Published online by Cambridge University Press: 06 July 2009
This chapter focuses on the question whether and, if yes, to what extent, participation in the WTO imposes on its members, and in particular, members with a status of developing country, a certain level of human rights protection.
First, I aim to show that the WTO, with one notable exception (the Agreement on the Protection of Intellectual Property Rights (TRIPS)), is essentially an instrument of negative integration that does not prejudge the level of human rights protection. Indeed, one could go so far and state that the WTO contract per se does not prejudge regulatory intervention in the field of human rights at all: the only element of positive integration in the field of human rights protection is in fact provided by general public international law which makes it clear (Articles 53 and 64 of the Vienna Convention on the Law of Treaties) that states cannot, through conventional means, undo their obligation to respect jus cogens erga omnes.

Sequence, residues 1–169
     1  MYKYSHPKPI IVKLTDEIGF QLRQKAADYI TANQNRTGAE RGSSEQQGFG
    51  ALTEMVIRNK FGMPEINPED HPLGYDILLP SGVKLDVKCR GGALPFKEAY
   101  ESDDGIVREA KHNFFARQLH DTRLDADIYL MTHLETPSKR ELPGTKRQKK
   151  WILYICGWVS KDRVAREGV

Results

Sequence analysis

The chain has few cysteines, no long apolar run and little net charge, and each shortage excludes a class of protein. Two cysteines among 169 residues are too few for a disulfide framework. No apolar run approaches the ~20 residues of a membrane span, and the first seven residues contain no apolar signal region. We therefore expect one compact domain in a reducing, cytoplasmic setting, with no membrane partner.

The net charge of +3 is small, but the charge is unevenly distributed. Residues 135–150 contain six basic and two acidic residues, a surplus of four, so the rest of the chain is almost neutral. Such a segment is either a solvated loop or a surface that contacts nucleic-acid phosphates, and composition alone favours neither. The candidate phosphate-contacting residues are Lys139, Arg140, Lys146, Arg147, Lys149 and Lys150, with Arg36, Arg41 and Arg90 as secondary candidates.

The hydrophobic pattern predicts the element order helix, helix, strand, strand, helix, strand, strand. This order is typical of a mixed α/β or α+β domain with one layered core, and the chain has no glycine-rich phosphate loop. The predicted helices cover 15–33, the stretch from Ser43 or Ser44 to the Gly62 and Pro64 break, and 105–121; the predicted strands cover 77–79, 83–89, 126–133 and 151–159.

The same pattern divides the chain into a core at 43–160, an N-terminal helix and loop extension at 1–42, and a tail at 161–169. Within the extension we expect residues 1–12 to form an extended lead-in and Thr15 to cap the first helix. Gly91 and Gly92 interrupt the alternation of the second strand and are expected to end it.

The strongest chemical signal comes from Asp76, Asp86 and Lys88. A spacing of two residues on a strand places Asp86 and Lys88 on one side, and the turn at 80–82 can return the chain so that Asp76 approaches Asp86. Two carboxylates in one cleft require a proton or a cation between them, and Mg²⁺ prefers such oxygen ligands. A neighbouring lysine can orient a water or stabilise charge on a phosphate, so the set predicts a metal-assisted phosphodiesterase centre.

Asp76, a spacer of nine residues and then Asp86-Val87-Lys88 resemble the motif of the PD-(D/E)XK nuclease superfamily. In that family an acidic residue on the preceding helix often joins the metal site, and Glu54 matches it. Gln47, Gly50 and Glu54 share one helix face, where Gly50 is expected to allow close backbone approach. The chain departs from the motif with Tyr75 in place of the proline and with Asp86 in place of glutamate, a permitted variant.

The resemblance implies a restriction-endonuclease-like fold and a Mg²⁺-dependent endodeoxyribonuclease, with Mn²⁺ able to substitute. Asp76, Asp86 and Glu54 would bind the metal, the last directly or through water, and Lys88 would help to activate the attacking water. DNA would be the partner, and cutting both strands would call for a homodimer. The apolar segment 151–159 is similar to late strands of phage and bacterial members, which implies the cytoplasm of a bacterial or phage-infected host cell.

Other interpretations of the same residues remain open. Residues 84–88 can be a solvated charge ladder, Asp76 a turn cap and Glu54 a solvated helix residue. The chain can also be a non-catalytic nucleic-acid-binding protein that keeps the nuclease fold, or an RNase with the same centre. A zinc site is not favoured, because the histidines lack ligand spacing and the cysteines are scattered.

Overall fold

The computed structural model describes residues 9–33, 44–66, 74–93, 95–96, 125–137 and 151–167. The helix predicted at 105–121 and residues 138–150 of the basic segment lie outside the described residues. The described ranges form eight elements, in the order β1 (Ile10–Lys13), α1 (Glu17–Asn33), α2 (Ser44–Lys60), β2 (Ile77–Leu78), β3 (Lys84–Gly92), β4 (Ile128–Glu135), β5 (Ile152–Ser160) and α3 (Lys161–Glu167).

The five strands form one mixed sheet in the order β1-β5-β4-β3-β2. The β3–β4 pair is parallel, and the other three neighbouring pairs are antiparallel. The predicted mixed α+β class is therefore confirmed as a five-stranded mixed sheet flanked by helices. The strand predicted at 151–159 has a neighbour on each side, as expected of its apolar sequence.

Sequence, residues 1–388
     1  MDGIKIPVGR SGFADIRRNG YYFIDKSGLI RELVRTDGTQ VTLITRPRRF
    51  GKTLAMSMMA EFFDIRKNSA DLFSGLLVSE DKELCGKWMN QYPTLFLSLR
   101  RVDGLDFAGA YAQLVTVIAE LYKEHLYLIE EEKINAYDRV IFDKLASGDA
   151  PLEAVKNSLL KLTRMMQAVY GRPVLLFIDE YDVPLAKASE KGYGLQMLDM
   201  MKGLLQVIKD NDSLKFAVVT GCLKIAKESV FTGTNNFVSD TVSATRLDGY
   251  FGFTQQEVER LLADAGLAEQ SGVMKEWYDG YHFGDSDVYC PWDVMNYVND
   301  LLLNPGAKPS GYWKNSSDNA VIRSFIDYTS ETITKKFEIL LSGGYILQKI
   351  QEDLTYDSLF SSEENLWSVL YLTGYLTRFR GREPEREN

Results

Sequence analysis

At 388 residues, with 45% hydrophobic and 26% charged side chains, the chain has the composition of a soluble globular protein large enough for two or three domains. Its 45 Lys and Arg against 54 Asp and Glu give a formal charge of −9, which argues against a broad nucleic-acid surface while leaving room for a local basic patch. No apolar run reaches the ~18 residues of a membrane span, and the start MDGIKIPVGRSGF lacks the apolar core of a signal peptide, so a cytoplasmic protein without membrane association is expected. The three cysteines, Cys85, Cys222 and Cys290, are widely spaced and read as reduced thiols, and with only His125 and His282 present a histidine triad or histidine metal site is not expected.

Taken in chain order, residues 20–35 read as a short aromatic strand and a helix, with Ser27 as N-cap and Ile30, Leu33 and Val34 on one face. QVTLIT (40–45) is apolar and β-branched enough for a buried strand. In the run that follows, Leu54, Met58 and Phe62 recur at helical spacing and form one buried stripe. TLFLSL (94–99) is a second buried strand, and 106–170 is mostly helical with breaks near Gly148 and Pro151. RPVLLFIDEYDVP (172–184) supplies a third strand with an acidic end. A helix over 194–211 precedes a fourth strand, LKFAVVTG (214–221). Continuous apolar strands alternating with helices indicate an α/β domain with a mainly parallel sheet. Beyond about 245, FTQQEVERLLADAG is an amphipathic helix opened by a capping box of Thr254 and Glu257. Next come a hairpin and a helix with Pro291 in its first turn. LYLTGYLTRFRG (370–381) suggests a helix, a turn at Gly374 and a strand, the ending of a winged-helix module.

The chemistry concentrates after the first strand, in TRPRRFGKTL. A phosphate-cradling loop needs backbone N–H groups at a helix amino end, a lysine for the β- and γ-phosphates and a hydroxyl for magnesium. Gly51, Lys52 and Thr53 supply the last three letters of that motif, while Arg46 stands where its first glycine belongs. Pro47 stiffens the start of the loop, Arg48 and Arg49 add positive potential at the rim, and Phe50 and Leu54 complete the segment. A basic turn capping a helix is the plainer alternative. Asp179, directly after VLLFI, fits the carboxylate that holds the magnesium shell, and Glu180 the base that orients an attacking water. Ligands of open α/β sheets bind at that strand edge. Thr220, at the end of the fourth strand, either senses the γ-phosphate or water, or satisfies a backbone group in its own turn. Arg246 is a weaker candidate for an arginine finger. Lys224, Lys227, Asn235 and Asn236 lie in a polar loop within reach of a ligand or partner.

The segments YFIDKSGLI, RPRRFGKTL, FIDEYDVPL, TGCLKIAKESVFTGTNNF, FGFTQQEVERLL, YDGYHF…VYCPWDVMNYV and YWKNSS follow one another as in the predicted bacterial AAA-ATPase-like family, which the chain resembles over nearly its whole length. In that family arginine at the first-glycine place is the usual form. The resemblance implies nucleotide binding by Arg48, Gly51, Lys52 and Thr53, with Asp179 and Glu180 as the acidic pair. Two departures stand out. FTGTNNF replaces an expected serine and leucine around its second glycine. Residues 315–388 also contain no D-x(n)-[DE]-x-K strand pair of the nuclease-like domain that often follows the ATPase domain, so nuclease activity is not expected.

Hence, the question has to be reformulated in the following manner: does participation in the WTO, an agreement which aims, in principle at least, at compensating the most efficient source of production, amount to a race-to-the-bottom when it comes to protection of human rights? My response is that one can construct theoretical examples that respond either positively or negatively to the stated questions.